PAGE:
RAndomised trial to imProve the quality of lIfe of people with Dementia (RAPID)
|rofessor Nicola Lautenschlager (Melbourne Site)||email@example.com||+61 3 8387 2213||View page|
Depressive symptoms are common and undermine the quality of life of people with Alzheimer’s disease (AD). Cholinesterase inhibitors and antidepressants have all but no effect on the mood of patients, and their use is associated with greater risk of adverse events compared with placebo. The use of traditional psychotherapeutic interventions, such as cognitive behavioural therapy, is hindered by the presence of cognitive impairment.
Cognitive bias modification (CBM) is a novel, simple and safe intervention that targets attentional and interpretative biases associated with anxiety, dysphoria and depression. CBM operates through implicit learning systems, which are spared until late in the course of the dementia illness. Pilot data from Western Australia Centre for Healthy Ageing indicates that the use of CBM is feasible and, most likely, an efficacious treatment for people with depression in AD (DAD). Moreover, CBM is safe and unlikely to be associated with significant adverse events in this vulnerable population.
RAPID is a parallel, double-blind, controlled randomised trial. RAPID aims to examine the presence of attention and interpretation biases in people experiencing Alzheimer's disease, and investigate if the use of CBM for two weeks is associated with a reduction of depressive symptoms and/or improved quality of life. It is hoped that the RAPID trial will provide high quality evidence of efficacy in this important clinical area.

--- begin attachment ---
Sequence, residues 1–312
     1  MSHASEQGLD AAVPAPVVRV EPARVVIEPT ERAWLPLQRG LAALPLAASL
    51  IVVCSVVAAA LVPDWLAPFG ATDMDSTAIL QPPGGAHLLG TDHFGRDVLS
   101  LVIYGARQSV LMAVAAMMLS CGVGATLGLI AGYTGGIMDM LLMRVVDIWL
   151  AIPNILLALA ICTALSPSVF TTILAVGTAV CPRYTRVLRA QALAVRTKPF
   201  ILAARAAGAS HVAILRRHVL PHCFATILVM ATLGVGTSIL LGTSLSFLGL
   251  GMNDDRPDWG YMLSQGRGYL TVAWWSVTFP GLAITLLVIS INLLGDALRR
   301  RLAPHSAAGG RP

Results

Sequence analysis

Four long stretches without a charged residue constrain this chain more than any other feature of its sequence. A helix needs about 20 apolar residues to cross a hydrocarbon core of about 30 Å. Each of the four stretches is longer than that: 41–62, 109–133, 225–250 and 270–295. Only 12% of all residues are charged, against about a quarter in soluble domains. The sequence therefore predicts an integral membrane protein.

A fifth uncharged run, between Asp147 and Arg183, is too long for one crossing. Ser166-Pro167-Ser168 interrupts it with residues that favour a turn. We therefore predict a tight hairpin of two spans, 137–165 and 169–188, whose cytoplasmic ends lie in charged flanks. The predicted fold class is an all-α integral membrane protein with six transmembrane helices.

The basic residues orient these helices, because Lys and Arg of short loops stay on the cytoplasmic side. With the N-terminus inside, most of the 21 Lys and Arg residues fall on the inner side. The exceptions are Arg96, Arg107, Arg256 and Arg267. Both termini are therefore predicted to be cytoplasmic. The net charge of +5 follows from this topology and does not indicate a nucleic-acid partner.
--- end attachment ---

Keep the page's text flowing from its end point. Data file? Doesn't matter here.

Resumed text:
- Professor Nicola Lautenschlager, Principal Researcher
- Dr Anita Goh, Principal Researcher
- Dr Samantha Loi, Associate Researcher
- Dr Terence Chong, Associate Researcher
- Stephanie Perin, Associate Researcher & Study Coordinator (Melbourne Site)
- Professor Osvaldo Almeida (Principal Researcher),
Faculty Research Themes
School Research Themes
For further information about this research, please contact the research group leader.